Uptake of Complex Event Processing (CEP)

I’m seeing more and more articles about complex event processing (CEP) these days. If you’ve followed by blog, you’ll know that I’m a big fan of events, so I try to read these when they come across my news reader. One of the challenges I see, however, is that event-driven thinking is not necessarily the norm for businesses. Yes, insurance companies may deal with disaster events, and financial services companies may deal with “life” events like weddings, births, kids going to college, but largely, the view is very service-based. It is reactionary in nature. You ask me for something, and I give it to you.

This poses a challenge for event processing to gain mindshare. While event processing is certainly the norm in user interface processing and embedded systems, it’s not in your typical business IT. Ask yourself- if you were to install a CEP system in your enterprise today, what events would it see?

The starting point that I see for events should merely be publication. Forget about doing anything but collecting statistics at the beginning. Since events don’t align with how we’re normally thinking, perhaps we should let them show us how we should be thinking. This gets into the domain of business intelligence. The beauty of events, however, is that they can make the intent explicit, rather than implicit. If I’m only performing analysis based on database changes, am I seeing the right thing, or am I only seeing symptoms of the event? Not all events may result in a database change, and that’s where the important correlations may lie. If some companies shows up on page one of the Wall Street Journal, it could result in increased trading activity for that company. My databases may record the increased trading, I may not have a record of the triggering event- the news story.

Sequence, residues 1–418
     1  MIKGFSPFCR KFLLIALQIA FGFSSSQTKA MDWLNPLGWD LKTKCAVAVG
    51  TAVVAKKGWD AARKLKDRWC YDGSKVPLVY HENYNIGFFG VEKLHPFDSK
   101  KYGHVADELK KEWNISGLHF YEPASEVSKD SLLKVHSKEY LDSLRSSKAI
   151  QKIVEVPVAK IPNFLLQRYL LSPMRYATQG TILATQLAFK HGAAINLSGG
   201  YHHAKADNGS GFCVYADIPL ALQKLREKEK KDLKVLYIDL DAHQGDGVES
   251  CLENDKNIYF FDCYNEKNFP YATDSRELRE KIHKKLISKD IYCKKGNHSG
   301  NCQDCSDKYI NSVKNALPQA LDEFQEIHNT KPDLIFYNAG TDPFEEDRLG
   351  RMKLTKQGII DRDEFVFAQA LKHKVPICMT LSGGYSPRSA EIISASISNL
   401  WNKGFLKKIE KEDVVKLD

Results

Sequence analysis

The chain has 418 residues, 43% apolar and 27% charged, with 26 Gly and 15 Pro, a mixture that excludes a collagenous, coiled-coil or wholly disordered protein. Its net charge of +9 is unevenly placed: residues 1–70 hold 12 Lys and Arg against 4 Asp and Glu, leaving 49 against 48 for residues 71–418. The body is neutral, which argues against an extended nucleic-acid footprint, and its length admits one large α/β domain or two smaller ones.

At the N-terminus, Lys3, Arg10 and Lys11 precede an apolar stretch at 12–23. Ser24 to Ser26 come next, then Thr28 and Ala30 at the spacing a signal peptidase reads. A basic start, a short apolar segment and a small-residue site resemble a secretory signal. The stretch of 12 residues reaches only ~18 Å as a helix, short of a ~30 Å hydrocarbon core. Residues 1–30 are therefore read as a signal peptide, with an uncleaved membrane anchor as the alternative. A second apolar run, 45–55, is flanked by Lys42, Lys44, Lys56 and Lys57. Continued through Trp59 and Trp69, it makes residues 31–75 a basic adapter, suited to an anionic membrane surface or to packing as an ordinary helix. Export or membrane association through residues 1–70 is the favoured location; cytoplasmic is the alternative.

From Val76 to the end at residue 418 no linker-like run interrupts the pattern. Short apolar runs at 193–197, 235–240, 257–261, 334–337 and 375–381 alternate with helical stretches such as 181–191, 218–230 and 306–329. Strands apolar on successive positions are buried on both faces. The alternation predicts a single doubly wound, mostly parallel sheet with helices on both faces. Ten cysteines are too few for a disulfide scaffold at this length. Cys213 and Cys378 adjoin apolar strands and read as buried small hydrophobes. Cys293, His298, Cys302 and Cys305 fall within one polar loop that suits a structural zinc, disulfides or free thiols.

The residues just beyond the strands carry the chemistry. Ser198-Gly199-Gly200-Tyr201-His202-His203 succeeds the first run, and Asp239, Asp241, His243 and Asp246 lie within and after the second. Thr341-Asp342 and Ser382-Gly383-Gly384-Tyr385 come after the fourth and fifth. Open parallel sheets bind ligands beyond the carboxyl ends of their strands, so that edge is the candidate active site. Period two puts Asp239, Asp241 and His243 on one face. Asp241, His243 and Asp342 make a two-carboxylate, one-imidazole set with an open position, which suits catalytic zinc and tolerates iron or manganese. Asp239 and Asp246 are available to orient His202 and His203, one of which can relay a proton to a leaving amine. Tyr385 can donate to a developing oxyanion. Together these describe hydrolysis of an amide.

Humans are very good an inferring relationships between events, sometimes better than we think. But without any events, how can we infer any relationships? We don’t want to overwhelm the network with XML messages that no one ever looks at, but we shouldn’t be at the opposite extreme either. Starting with new applications, I’d make sure that those systems are publishing some key events based upon their functionality. Now, we can start doing some analysis and looking for correlations. We then start to encourage event-driven thinking about the business, and as a result, have now created the potential for CEP systems to be used appropriately.